Matt's Reviews > Warriors of the Rising Sun: A History of the Japanese Military

Warriors of the Rising Sun by Robert B. Edgerton
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Warriors of the Rising Sun is a good topic looking for a focus. Mr. Edgerton is a sociologist and anthropologist so I wasn't looking for an academic history but I was hoping for more than what I read. He focus on the Boxer Rebellion and The Russo-Japanese War which is refreshing but in 100 pages he goes from 1905 to 1945 where he gave five years almost 200 pages. I felt cheated that the rise of the militarists which gives an insight to atrocities was given less than 100 pages when that alone could be the focus of the book. The other feeling I was getting was Edgerton was excusing some atrocities by saying the Allies committed atrocities as well. I'm sure they did but does Edgerton really need to use the excuse of why we looted, raped and destroyed the Pacific Rim was because the Allies did it second? It was a weak apologetic excuse and not acceptable.

Edgerton really needed to decide on a focus because he was all over the historical map.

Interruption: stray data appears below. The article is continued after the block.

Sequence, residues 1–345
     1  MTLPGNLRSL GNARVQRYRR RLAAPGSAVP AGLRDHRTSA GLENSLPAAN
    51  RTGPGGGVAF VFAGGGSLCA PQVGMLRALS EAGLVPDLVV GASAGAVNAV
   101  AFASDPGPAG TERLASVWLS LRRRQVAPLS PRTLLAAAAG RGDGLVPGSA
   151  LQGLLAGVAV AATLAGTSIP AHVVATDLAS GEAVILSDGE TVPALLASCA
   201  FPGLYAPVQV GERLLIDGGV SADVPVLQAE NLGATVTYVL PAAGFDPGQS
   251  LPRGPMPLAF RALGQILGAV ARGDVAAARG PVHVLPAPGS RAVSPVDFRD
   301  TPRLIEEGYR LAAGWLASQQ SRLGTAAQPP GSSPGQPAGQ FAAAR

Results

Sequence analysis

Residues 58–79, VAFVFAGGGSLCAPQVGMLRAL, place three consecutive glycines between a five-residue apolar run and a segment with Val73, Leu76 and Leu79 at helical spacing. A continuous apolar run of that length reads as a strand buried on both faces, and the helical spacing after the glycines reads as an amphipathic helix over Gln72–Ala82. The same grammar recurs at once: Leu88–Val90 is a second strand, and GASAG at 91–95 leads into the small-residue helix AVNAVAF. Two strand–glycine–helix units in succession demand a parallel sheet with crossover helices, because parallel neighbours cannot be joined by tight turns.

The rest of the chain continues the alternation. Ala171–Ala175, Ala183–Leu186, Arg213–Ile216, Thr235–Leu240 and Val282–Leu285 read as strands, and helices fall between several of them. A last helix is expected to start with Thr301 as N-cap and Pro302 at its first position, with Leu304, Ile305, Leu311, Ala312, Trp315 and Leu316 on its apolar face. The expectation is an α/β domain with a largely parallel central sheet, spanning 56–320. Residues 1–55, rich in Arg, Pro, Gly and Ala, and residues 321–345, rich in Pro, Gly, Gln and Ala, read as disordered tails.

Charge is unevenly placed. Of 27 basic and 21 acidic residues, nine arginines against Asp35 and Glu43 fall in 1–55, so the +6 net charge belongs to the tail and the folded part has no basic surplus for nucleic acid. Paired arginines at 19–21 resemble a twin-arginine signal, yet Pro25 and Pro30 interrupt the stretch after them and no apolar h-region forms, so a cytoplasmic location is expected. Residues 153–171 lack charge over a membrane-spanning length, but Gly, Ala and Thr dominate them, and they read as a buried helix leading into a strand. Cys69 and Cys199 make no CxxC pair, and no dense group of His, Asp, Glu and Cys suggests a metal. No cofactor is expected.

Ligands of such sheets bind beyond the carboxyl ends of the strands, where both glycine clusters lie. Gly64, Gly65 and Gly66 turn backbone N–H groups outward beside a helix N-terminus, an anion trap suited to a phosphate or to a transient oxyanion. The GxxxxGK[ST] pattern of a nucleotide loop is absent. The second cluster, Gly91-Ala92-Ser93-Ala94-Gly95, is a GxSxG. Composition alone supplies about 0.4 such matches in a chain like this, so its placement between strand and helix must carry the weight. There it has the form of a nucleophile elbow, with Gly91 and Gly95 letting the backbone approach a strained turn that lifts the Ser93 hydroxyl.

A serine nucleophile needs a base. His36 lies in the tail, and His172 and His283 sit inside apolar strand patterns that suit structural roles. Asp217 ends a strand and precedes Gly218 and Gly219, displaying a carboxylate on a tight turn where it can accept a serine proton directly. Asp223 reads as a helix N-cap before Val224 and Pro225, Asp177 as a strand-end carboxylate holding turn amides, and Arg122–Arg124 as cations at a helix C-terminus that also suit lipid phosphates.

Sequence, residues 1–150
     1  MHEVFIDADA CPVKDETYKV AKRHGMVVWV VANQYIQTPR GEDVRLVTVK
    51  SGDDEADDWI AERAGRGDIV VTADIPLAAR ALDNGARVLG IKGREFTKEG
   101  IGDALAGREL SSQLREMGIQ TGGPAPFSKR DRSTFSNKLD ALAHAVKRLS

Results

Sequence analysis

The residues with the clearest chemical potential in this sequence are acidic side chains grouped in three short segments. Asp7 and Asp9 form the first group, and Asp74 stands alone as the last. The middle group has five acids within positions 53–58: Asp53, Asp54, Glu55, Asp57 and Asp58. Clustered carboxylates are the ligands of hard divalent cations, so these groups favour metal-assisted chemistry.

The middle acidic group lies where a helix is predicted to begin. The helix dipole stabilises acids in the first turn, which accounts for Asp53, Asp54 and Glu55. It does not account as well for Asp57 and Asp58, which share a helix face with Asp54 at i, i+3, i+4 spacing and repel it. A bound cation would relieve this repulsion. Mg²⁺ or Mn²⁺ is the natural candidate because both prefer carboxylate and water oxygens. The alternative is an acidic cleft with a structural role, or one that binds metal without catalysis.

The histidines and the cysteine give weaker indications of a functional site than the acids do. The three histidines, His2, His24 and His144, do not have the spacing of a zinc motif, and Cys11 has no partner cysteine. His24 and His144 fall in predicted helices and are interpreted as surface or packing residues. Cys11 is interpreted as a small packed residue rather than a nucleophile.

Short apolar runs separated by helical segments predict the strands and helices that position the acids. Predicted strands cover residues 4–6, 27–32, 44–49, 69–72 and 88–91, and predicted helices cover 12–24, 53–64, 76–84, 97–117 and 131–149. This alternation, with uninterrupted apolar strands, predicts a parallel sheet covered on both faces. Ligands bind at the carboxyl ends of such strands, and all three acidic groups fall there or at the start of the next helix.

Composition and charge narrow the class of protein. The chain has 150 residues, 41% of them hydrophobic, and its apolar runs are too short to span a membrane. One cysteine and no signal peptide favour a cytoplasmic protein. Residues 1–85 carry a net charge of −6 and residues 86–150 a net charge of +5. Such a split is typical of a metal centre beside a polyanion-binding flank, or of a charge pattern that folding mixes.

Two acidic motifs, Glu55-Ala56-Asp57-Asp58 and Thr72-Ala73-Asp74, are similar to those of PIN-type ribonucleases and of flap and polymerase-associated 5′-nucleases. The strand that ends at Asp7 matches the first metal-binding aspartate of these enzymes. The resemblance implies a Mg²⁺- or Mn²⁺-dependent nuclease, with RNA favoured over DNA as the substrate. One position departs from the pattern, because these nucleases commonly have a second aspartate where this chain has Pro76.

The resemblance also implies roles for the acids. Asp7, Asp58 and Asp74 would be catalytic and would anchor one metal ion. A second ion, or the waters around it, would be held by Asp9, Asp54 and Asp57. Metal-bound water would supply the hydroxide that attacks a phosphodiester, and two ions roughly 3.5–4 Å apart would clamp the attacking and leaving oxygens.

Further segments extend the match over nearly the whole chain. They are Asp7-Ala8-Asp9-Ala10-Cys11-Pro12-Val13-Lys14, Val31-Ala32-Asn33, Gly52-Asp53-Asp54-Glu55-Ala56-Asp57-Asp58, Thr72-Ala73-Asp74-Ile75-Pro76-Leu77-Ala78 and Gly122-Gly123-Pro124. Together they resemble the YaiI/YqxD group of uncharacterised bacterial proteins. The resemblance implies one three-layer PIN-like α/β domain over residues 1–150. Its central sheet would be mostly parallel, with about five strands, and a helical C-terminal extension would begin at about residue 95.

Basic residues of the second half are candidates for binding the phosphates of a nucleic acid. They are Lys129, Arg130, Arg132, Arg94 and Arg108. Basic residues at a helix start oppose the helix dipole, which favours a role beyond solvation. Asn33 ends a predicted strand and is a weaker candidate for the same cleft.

At first he was trying provide evidence that the Japanese military was humane towards its treatment of prisoners and a shining example of humanity until the US denied any immigration from Japan to the US. If the argument was to show blatant racism in the US then yes at the time the US had racist policies but also in the bigger context the US had isolationist policies which were akin to an ostrich placing its head in the sand. Also the internal policy of immigration does not make the overwhelming cruelty that the Japanese military had in the thirties and the forties. It may have been a piece of the puzzle but not a complete puzzle.

In a larger context the racist attitude from the US and European powers did contribute greatly to a rise of cruelty in the Japanese military. However Edgerton barely scratched at the fact that there was a worldwide economic depression at the time affecting the world and that many groups of people found military life in Japan a comfortable way of living. He barely touches that this group came from underprivileged means and were brutal in trying to achieve greatness like other states around the globe such as Germany and Italy. These are major factors in the growth of the militarists in Japan and with the access to weapons and without oversight these young officers had a coup over a series of events. With unfettered in fact an Absolutist control over the government like an absolute monarch the military could do whatever they wanted whenever they wanted. Yet another missed opportunity in the book is the civil war between the Japanese Navy and Army which included assassinations.

Edgerton's book is maybe at best an introduction to the topic but it should not be used as an authoritative text.
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